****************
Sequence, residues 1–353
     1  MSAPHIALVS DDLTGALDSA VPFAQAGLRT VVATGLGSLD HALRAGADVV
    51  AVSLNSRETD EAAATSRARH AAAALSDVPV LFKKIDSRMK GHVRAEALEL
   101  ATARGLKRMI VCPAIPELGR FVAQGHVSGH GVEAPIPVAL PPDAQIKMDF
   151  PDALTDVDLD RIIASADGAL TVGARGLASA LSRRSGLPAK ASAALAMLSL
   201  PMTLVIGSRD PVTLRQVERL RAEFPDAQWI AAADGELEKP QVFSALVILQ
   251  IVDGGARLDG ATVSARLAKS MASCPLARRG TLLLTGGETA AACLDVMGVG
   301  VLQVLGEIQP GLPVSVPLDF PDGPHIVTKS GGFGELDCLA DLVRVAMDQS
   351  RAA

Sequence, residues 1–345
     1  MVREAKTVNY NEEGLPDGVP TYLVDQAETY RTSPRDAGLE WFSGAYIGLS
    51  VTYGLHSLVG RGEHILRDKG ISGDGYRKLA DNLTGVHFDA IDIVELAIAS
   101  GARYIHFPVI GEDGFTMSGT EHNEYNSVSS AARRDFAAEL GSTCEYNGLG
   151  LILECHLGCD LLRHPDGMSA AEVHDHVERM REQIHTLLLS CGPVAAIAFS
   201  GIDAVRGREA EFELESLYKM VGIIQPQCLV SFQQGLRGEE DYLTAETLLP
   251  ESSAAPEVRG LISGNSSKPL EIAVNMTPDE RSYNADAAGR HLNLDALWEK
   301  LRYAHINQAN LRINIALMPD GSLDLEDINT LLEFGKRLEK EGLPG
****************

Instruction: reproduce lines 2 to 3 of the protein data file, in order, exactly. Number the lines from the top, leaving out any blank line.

     1  MSAPHIALVS DDLTGALDSA VPFAQAGLRT VVATGLGSLD HALRAGADVV
    51  AVSLNSRETD EAAATSRARH AAAALSDVPV LFKKIDSRMK GHVRAEALEL